By Shubham Batra and Amruta Khandekar
(Reuters) – Wall Street’s main indexes fell on Friday as investors remained wary about a potential banking crisis even as the country’s largest banks came to the rescue of troubled regional lender First Republic Bank.
Big banks including JPMorgan Chase & Co and Morgan Stanley threw a $30 billion lifeline to First Republic on Thursday, calming some nerves and helping U.S. stocks notch gains in the previous session.
Shares of First Republic fell 20.7% in early trading after the bank suspended its dividend payout.
The lender’s shares have taken a beating this week, slumping 66%, in a widespread bank selloff after the recent collapse of SVB Financial and Signature Bank unleashed fears of a broader banking crisis stemming from surging interest rates.
SVB Financial said on Friday it had filed for a court-supervised reorganization under Chapter 11 bankruptcy protection to seek buyers for its assets, days after its former unit Silicon Valley Bank was taken over by U.S. regulators.
Peers PacWest Bancorp fell 13.2% while Western Alliance slid 11.7%
Big U.S. banks including JPMorgan, Citigroup and Wells Fargo were also down between 1.7% and 3.1%.
Most of the 11 major S&P 500 sectors were lower.
The KBW regional banking index and the S&P 500 banks index fell over 2% each.
“Deposits have fled from regional banks like First Republic into the big banks who are now bailing them out by putting the deposits back in. But it doesn’t solve the problem,” said Thomas Hayes, chairman at Great Hill Capital LLC.
“Until you stop the deposit flight from regional banks into the systemically important banks that are too big to fail, it doesn’t matter how much money you pour into the bucket.”
The news of the rescue came on the heels of a 50-basis-point rate hike by the European Central Bank (ECB), which remains laser-focussed on taming inflation despite concerns about the region’s banks after troubles emerged at Credit Suisse.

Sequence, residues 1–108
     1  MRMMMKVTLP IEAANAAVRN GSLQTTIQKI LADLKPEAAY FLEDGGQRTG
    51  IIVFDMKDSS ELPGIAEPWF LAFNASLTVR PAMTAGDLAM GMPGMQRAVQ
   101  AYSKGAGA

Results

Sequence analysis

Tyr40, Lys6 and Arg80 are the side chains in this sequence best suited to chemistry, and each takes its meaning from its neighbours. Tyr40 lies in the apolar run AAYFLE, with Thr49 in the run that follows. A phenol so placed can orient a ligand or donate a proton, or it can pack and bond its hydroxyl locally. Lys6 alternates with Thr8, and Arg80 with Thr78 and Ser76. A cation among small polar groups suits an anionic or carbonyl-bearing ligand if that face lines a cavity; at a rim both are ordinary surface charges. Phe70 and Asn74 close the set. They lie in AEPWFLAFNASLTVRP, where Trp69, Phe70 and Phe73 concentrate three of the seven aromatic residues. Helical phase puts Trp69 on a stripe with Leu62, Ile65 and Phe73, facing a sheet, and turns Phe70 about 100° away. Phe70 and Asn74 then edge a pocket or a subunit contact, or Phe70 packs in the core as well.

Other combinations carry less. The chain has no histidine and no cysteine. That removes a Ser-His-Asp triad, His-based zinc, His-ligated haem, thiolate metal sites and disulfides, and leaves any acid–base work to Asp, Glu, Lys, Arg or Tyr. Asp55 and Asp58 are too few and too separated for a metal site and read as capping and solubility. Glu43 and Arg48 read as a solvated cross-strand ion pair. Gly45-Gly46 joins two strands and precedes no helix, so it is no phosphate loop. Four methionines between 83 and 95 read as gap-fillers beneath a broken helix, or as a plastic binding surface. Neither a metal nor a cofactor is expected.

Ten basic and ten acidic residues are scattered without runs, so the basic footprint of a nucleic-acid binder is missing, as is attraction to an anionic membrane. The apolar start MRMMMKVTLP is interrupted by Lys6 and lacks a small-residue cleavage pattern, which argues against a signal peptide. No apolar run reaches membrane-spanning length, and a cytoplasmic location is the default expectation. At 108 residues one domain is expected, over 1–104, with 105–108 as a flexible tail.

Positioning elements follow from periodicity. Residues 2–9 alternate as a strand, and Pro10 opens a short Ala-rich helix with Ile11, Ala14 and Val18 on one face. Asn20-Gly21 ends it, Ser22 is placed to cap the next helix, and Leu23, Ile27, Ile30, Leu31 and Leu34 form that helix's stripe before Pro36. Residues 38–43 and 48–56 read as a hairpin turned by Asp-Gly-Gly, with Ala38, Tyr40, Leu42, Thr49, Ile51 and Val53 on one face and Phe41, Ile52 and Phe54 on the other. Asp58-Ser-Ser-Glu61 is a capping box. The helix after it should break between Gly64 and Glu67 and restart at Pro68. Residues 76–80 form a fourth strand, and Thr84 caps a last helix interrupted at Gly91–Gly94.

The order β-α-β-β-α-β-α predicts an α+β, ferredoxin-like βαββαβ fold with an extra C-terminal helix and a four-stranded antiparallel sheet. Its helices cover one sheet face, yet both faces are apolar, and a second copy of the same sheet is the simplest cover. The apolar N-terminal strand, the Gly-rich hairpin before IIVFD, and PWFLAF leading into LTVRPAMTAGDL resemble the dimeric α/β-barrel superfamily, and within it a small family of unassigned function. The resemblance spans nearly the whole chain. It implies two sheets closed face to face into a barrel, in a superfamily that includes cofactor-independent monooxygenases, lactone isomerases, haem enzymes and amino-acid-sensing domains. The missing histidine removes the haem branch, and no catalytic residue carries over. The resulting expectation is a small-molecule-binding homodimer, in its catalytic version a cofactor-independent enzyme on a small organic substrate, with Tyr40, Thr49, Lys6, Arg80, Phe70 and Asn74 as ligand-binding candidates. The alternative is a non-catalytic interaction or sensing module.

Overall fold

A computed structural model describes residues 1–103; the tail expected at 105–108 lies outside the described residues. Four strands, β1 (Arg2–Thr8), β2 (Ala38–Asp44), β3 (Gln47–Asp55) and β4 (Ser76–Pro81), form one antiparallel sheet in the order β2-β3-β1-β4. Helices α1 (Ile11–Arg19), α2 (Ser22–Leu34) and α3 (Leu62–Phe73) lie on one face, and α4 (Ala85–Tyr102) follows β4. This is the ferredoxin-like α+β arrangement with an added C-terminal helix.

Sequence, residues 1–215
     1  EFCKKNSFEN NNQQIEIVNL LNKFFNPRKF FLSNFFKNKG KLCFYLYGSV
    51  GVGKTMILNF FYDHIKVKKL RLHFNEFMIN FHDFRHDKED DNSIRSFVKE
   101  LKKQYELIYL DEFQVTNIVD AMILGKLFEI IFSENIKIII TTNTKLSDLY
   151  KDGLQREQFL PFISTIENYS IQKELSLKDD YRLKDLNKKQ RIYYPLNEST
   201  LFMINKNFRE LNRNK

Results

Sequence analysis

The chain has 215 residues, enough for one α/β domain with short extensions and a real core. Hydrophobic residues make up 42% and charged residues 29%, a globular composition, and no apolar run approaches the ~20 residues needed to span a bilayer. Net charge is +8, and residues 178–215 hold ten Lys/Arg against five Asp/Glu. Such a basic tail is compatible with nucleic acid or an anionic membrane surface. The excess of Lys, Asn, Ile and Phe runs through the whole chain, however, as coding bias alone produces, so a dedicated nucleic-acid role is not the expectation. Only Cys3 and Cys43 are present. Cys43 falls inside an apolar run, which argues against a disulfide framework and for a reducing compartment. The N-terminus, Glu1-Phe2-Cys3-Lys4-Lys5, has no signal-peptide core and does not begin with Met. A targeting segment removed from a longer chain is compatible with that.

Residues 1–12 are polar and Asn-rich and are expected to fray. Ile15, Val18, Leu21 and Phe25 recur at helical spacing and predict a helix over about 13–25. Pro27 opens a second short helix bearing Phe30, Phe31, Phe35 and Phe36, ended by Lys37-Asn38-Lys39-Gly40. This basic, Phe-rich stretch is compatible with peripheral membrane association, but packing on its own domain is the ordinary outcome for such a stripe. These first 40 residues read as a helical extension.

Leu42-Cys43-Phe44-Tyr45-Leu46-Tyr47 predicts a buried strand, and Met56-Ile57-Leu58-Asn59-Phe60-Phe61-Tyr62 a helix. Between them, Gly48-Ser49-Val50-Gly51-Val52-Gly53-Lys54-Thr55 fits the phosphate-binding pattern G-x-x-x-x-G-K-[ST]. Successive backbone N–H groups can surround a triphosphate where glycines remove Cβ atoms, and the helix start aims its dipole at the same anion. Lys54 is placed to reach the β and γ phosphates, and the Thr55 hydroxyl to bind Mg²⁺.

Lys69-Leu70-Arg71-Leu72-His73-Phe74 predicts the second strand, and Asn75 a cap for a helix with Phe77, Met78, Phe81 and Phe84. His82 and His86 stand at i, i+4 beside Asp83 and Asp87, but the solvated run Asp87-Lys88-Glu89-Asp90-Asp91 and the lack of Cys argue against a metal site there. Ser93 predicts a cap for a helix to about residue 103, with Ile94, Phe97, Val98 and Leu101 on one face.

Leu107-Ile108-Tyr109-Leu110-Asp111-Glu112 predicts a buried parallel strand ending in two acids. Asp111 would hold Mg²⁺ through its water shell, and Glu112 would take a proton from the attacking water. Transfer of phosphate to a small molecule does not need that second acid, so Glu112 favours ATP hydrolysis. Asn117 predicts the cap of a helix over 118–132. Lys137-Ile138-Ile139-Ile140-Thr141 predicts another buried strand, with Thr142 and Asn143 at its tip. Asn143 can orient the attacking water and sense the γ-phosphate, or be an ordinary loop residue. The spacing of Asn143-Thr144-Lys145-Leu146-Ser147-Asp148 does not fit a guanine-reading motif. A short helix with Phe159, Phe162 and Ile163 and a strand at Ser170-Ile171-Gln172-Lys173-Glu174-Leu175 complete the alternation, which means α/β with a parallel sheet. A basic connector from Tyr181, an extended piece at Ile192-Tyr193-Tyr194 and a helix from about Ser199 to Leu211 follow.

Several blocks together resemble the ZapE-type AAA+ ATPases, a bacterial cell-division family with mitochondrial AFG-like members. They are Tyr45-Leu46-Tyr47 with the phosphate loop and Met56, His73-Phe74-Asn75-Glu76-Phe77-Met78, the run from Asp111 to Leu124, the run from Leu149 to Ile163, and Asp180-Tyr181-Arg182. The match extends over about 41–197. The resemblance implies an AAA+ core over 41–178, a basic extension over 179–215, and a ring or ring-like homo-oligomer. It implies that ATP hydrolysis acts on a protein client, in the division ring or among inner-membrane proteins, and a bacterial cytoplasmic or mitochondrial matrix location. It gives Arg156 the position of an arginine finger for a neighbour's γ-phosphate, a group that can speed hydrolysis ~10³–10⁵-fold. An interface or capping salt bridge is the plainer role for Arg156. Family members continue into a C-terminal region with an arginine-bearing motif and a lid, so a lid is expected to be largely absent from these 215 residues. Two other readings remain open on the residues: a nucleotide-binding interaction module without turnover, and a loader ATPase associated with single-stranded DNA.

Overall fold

Investors are now looking ahead to the Federal Reserve’s interest rate decision, due next week, to gauge how it will tame inflation.
As U.S Treasury yields fell, megacap growth stocks Microsoft and Alphabet rose 1.6% and 1.4% respectively, providing some support to the Nasdaq which is looking at its biggest weekly percentage gain since November.
Money market participants now see a 72% chance of the Fed raising rates by 25 basis points on March 22..
Meanwhile, data showed production at U.S. factories edged up in February.
At 9:36 a.m. ET, the Dow Jones Industrial Average was down 203.60 points, or 0.63%, at 32,042.95, the S&P 500 was down 14.32 points, or 0.36%, at 3,945.96, and the Nasdaq Composite was down 29.74 points, or 0.25%, at 11,687.53.
On a positive note, shares of FedEx Corp rose 10% after the delivery giant raised its full-year earnings forecast.
Declining issues outnumbered advancers by a 3.79-to-1 ratio on the NYSE and by a 2.64-to-1 ratio on the Nasdaq.
The S&P index recorded two new 52-week highs and four new lows, while the Nasdaq recorded seven new highs and 75 new lows.
(Reporting by Shubham Batra and Amruta Khandekar in Bengaluru; additional reporting by Shristi Achar A; Editing by Saumyadeb Chakrabarty, Savio D’Souza and Vinay Dwivedi)